Trump announced his intention to withdraw the U.S. from the Paris agreement on Thursday the 1st of June. With a usual populist sentiment clouding his speech, he based his arguments on the typical ‘jobs versus the environment’ narrative.
The Guardian reports: “22 Republican senators whose campaigns have collected more than $10m in oil, gas and coal money since 2012 sent a letter to the president urging him to withdraw from the Paris deal”. The United States are shaping national and international policies based on lobbying and corporate interests. This is old news. And when the second biggest emitter of greenhouse gases in the world decides to go rogue on their commitment towards a cleaner future, there is understandable cause for concern. But could the US federal government withdrawing from the Paris agreement be a good thing?
Firstly, the Paris agreement has often been criticised as inadequate. James Hansen, one of the world’s most respected climatologists called the agreement “a fraud really, a fake,” because “there is no action, just promises.” The goals set in the agreement are not legally binding and thus depend on the willingness of each country to go green. This is why Nicaragua, a country listed as the 4th country most likely to be severely affected by climate change, did not sign the agreement. Not because it does not believe in human-driven climate change, but because it is more of a political ploy.
As an opinion piece on the online publication The Hill argues: “The Paris agreement affords oil, gas and coal companies a globally visible platform through which to peddle influence and appear engaged on climate change while lobbying for business as usual.” The current US Secretary of State and close adviser to Trump, Rex Tillerson, is the ex-CEO of Exxon Mobil, the largest oil company in the world. With the US out of the agreement, such people will have less power and influence over the deployment and progress of the goals set out by the international community.
World leaders reacted in shock and disappointment at the news of Trump’s decision. Justin Trudeau, the Prime Minister of Canada expressed his ‘deep disappointment’ towards the United States government. Interestingly, Justin Trudeau received a standing ovation at an energy conference in Texas in March after announcing that: ‘No country would find 173 billion barrels of oil in the ground and just leave them’. Brazil expressed ‘profound concern and disappointment’ at the decision. At the same time, Brazil’s government, under pressure from multinational corporations, is once again deregulating the once-tamed deforestation of the Amazon rainforest. Australian Prime Minister Malcolm Turnbull characterised Trump’s decision as “disappointing but not at all surprising”. The Guardian reports: “Along with half the other G20 nations, Australia’s 2030 emissions reduction targets committed to at Paris – making up Australia’s intended nationally determined contribution – were given the worst possible rating of “inadequate”.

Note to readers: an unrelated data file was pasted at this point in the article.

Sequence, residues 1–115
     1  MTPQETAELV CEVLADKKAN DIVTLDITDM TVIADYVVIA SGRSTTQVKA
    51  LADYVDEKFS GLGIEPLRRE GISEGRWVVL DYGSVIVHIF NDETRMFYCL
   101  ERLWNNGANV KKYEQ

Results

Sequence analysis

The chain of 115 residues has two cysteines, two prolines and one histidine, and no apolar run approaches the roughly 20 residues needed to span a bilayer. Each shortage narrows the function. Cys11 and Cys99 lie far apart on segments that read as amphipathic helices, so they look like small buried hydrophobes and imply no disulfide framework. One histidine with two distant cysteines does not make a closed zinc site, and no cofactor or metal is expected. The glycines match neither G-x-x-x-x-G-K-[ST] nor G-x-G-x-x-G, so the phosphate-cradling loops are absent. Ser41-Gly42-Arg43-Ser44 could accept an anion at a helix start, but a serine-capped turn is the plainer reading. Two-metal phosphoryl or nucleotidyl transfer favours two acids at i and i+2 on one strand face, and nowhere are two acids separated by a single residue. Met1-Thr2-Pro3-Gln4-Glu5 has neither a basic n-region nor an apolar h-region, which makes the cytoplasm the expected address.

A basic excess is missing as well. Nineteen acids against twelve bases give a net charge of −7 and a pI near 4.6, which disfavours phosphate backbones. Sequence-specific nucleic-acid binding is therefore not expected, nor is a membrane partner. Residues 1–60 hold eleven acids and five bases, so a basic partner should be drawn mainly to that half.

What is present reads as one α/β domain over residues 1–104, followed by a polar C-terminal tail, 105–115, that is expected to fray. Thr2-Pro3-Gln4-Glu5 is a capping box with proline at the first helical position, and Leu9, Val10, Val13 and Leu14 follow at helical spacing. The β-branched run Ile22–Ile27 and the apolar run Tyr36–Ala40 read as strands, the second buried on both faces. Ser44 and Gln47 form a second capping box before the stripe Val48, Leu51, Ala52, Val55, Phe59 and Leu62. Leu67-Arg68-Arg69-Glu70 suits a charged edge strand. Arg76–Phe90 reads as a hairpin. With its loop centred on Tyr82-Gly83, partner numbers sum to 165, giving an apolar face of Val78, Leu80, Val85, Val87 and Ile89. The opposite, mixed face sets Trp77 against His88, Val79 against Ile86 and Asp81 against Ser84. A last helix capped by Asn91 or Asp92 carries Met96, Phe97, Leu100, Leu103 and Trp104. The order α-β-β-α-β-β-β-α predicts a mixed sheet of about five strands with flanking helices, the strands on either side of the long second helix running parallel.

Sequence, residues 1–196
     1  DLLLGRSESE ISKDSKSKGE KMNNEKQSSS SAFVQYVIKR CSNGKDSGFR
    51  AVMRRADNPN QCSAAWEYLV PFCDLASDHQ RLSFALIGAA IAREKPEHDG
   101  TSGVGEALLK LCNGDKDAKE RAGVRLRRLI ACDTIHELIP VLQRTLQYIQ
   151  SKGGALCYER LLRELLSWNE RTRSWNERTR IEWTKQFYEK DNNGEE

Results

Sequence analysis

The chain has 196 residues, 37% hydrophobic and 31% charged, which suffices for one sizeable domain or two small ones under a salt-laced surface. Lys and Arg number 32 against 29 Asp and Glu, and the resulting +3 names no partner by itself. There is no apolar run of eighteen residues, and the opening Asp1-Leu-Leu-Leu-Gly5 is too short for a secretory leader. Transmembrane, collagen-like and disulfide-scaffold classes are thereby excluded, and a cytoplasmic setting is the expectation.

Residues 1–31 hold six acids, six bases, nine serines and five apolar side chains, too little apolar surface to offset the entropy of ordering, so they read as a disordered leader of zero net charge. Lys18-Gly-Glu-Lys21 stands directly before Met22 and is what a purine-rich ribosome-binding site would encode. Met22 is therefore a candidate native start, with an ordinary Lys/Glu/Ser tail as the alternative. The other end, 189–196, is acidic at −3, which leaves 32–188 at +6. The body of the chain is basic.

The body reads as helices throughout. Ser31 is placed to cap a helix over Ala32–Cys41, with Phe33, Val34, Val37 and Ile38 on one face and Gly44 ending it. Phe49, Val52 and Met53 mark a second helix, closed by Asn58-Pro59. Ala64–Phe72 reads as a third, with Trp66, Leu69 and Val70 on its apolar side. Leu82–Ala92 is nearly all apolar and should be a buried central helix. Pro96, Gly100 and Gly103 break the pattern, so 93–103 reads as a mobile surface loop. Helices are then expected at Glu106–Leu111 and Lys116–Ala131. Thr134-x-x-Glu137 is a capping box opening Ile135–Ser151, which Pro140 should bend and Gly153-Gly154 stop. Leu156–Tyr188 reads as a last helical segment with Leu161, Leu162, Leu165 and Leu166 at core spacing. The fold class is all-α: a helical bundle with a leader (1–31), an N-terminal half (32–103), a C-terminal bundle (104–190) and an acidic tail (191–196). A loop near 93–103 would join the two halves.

World leader reactions to Trump’s announcement were not only stained with hypocrisy. Some were filled with optimism with promise. China, India and Japan have pledged their unwavering support for the protection of the environment and as CNN reports: ‘German Chancellor Angela Merkel, French President Emanuel Macron and Italian Prime Minister Paolo Gentiloni put out a joint statement in which they pledged to implement the Paris climate agreement notwithstanding the withdrawal of the US’.
It becomes obvious then that the Paris agreement offers plenty of opportunity for its signees to use it as a political ploy while implementing a ‘business-as-usual’ economic and environmental strategy. But the importance of the agreement is historically unparalleled. Nearly every country in the world came together, recognizing the impact of human activity on the planet and tried to address the global challenges that lie ahead. The Paris agreement may be flawed, but it signifies the beginning of a new era. What feminist writer Donna Haraway terms as the ‘Cthulucene’, when and where the intersectionality of planetary processes and relationships is recognized. And we make kin with the earth and with each-other in an attempt to ‘stay with the trouble’, as Haraway explains, but also to fight for our common future.
Resisting the era of Trumpism is not just about reliance to political figures. It’s also about individual potential and grassroots activism – ‘A global civilisation which is increasingly aware of its importance as a formative force’-. From the fields of North Dakota to the gold mines of Greece, people engage in what Canadian author Naomi Klein coins as ‘Blockadia’ – citizen resistance to the ever-expanding forces of the Capitalocene-.
So whether it is about eating less meat, living minimally or organising on a political and social level, we need to find creative ways to curtail the process of creative destruction that is capitalism. We don’t need to talk about Trump – everyone is talking about him anyway-. We need to talk about the socio-political context that gave rise to a populist aggressor like Trump and created the necessity for an international agreement to bail ourselves out of apocalyptic-level environmental destruction.
Trump – and the vested corporate interests guiding his decisions – relies on our complacency. Get off the couch. Let’s rethink the future. Let’s do it together.
Photographs: Tassos Vrettos [https://www.facebook.com/Tassos-Vrettos-461824940571499/]